WorkCover NSW recently issued a safety alert about unexpected wall collapses and manual demolitions following an incident in which a worker died after a brick wall he was demolishing fell on him.
The worker had knocked out a bottom section of the wall with a sledgehammer, and preliminary findings indicate that the wall was weakened to the point of collapse.
The entire wall was to be removed to enlarge a storage area within an established building in the Sydney CBD.
When removing entire wall sections, the safety alert said those in control of such work should ensure that manual demolition methods that incorporate hand tools, such as jackhammers, sledgehammers and picks, should avoid weakening walls by never taking down multiple rows of brick at once or starting at the bottom of the wall.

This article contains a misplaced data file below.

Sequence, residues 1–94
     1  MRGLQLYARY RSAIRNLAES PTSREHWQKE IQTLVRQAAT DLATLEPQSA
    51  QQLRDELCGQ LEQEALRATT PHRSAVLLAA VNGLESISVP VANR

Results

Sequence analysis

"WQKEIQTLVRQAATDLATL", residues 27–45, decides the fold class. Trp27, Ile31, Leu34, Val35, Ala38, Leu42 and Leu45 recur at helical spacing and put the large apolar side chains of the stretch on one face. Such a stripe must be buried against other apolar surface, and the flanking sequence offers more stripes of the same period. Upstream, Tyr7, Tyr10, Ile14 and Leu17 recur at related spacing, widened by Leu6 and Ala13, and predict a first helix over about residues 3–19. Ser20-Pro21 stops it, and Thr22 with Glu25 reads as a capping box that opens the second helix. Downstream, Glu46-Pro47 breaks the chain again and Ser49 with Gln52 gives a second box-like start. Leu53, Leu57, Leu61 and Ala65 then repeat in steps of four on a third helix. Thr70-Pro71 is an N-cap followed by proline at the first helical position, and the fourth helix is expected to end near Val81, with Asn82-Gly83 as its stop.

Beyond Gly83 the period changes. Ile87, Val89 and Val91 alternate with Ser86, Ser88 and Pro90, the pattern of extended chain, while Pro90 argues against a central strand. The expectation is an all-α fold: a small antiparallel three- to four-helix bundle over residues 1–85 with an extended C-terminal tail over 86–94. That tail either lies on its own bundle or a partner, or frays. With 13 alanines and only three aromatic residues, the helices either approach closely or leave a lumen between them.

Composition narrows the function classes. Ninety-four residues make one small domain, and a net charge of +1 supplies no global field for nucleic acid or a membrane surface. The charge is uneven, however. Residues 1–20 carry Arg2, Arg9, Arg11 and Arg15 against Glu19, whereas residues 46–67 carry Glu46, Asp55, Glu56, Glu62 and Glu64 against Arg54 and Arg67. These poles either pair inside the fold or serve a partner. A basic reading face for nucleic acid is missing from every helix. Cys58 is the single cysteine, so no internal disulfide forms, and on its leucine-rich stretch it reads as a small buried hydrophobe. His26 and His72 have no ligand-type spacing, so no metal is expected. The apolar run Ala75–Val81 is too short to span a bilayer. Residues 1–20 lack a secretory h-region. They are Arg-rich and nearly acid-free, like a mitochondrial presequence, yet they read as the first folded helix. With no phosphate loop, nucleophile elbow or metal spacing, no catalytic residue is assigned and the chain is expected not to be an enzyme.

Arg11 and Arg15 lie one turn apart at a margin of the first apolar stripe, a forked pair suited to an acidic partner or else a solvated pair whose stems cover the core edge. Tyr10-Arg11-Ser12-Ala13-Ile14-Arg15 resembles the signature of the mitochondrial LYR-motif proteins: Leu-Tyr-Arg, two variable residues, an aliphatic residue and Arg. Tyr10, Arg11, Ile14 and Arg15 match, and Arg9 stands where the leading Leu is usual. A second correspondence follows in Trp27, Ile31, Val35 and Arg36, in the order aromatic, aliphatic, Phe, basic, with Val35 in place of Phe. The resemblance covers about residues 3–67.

Furthermore, when removing a portion of a wall where masonry will remain above an opening (to install a door or window, for example), the alert said the upper area of masonry should be supported prior to commencing demolition and the demolition should commence at the top of the intended opening.
In addition, exclusion zones should be established to keep unauthorised people outside of potential collapse zones and areas affected by rebounding material, and safe work method statements should be developed for any high risk construction work that is undertaken as part of the demolition work.
“This must be prepared in consultation with workers undertaking the activity and implemented during the demolition,” said WorkCover NSW.